The potential utility of convalescent plasma to treat COVID-19 is gaining worldwide attention as the U.S. Food and Drug Administration (FDA) has granted approval to start investigational studies using blood plasma collected from individuals who have recovered from COVID-19. Keio University has also initiated a research project led by Dr. Ryuji Tanosaki (Center for Transfusion Medicine and Cell Therapy), in order to develop COVID-19 convalescent plasma treatment. In the first step, medical staff who has recovered from COVID-19 will be recruited as blood donor candidates. These candidates will have to meet the eligibility criteria to become COVID-19 plasma donors, i.e. have fully recovered from COVID-19 for at least two weeks, have consecutively twice tested negative by PCR test, and have a high titer of neutralizing antibody. The collection procedure will be done according to the protocol established by the Japanese Red Cross Society. The rest of the samples will also be allocated to other COVID-19-related research projects. At present, the team is planning to enroll 30 to 50 recovered cases from medical staff at Keio University and Eiju General Hospital.
COVID-19 Epidemiological Project Started
Much is still unknown about the clinical course of COVID-19. There have been reports of various incubation periods or patients getting re-infected after recovery. To capture the severity and magnitude of a pandemic and its transmission routes, monitoring and recording the clinical course of both infected and healthy individuals is critical. COVID-19 epidemiological team (Preventive Medicine and Public Health, Center for Infectious Diseases and Infection Control, Laboratory Medicine, and University Health Center) has started surveillance of the individuals who were tested for SARS-CoV-2 infection by RT-PCR and employees at Keio University Hospital. The output results may boost the effective control of hospital infections. The team is also creating a comprehensive database to link clinical data to viral genome sequence and antibody test results, aiming to identify and prevent nosocomial infections, estimate community infection rate and Infection Fatality Rate (IFR) by screening patients for planned care.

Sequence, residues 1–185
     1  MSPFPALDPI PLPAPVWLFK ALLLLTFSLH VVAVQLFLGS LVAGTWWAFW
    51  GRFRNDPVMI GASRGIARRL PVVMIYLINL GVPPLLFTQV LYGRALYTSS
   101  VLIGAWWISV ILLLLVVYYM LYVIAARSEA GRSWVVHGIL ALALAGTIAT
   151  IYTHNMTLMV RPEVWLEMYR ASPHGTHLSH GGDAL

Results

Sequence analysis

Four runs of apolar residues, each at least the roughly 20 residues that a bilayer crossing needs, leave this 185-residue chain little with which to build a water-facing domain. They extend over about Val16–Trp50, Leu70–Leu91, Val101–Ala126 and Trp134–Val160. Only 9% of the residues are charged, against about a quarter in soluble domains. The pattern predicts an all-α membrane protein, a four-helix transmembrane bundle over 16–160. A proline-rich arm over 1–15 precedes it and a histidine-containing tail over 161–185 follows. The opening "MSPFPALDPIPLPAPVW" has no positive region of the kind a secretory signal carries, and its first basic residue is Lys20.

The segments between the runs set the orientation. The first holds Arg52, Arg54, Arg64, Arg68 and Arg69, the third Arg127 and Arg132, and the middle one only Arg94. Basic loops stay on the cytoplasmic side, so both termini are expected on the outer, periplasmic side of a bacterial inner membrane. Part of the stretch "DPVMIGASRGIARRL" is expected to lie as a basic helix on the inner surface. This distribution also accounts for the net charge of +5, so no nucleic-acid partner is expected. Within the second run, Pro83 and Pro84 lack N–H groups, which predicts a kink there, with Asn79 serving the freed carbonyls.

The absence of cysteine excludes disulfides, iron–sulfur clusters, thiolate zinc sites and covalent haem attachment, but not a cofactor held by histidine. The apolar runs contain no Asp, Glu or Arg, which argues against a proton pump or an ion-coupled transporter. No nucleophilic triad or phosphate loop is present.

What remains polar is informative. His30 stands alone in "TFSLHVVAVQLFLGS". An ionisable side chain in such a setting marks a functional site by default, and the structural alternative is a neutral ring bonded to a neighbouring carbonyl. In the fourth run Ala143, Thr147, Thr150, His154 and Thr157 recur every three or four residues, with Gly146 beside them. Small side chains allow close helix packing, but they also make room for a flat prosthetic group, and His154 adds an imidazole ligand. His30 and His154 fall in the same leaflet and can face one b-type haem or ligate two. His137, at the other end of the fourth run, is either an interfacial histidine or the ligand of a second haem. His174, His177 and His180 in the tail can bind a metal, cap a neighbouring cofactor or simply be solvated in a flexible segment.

Finding genetic factors associated with disease exacerbation by comprehensive genomic analysis on Japanese COVID-19 patients
Unlike many western countries, mortality rate from COVID-19 is much lower in Japan. Yet, a proportion of patients have their symptoms worsening to death. In order to identify association between genetic factors and disease progression among Japanese COVID-19 patients, “2020 COVID-19 Taskforce” project has been launched. Scientists from various research fields have gathered in this project, including Dr. Takanori Kanai (Gastroenterology and Hepatology, Research Director), Dr. Yuko Kitagawa (Surgery, Hospital Director General), Dr. Koichi Fukunaga (Pulmonary Medicine), Dr. Toshiro Sato (Organoid medicine), and Dr. Naoki Hasegawa (Infectious diseases) from Keio University Hospital. Blood samples derived from around 500-600 COVID-19 patients will be comprehensively analyzed using technologies such as ultra-high-resolution HLA analysis, SNP array analysis, whole genome sequencing, and T-cell repertoire analysis; and by comparing the results of severely ill patients with mild or asymptomatic patients they hope to elucidate important factors which may contribute to the disease progression. They also aim to develop a nasal spray type mucosal vaccine based on their original molecular needle technology (developed at Kitasato University).
Future Prospects of Donner Project
Within a month since the launching of Keio Donner Project, driven by the genuine passion, motivation, and dedication, our team members have created a huge movement to tackle this unprecedented crisis.
Basic researchers and staff at Keio University, who are not usually involved in the daily clinical practice have set up a “Basic Researchers Back-Up Team,” to help the projects and more than 100 volunteers have signed up. Other new projects are being initiated, such as basic researchers’ PCR back-up team, a task force team to support and enhance clinical trials, a team for host genome analysis, and a public relation (PR) team to provide the latest news and updates on Donner Project. We will continue to work hard together to deliver encouraging news, and we kindly appreciate your continued support.